Software and Systems Traceability

Software traceability is the ability to interrelate any uniquely identifiable software engineering artifact to any other,  maintain required links over time, and use the resulting network to answer questions of both the software product and its development process. 

Traceability is prescribed in many high-dependency domains.  For example, the Federal Aviation Administration’s (FAA) DO-178C standard specifies that at each and every stage of development “software developers must be able to demonstrate traceability of designs against requirements. The U.S. Food and Drug Administration (FDA) states that traceability analysis must be used to verify that the software design implements all of the specified software requirements, that all aspects of the design are traceable to software requirements, and that all code is linked to established specifications and test procedures. Process improvement initiatives such as CMMI also require traceability.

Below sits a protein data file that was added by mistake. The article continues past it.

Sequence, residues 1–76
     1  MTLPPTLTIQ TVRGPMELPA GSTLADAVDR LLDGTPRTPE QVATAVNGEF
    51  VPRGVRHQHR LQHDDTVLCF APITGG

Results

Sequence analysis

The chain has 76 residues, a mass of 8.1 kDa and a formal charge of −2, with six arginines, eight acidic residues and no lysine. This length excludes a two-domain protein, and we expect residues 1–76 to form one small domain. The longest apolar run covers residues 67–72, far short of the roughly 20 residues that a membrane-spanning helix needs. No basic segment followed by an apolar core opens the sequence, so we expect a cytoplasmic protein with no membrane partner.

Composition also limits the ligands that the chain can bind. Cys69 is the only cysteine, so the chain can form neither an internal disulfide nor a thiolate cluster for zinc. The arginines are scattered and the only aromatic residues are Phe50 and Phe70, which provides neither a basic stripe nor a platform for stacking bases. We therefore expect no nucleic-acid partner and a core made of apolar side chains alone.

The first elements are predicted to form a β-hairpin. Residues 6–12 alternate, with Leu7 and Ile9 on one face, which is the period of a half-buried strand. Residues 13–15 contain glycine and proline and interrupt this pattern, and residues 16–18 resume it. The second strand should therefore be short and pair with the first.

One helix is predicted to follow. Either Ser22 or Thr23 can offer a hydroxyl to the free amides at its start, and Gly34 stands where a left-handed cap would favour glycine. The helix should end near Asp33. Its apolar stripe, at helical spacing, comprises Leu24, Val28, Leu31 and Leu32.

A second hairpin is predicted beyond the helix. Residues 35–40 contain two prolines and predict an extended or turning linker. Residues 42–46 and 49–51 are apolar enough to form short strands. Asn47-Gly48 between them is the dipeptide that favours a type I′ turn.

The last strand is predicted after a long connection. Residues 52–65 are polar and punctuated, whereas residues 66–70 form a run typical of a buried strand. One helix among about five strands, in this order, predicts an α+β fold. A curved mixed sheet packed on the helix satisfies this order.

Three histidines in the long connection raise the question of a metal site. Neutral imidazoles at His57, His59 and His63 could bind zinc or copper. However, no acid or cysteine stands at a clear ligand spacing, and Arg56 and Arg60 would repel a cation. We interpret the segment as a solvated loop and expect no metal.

Traceability in Dronology

Dronology’s traceability strategy is shown in the Traceability Information Model (TIM) on the right.  The TIM depicts artifacts (as nodes) and trace links (as arcs between nodes).  Nodes shaded blue represent artifacts that are currently created and stored in Jira.  Nodes shaded green are stored in Git, while orange nodes are stored in other tools (Use cases in Word and Architecture in Visio).

Trace links between the nodes are created during the development process.  Links between pairs of blue nodes and between blue and orange nodes are created internally in Jira by selecting predefined tags.  Links from source code to bugs and tasks are created within the source code commit messages in Git.  We use a Git/Jira bridge so that the links are stored in Jira.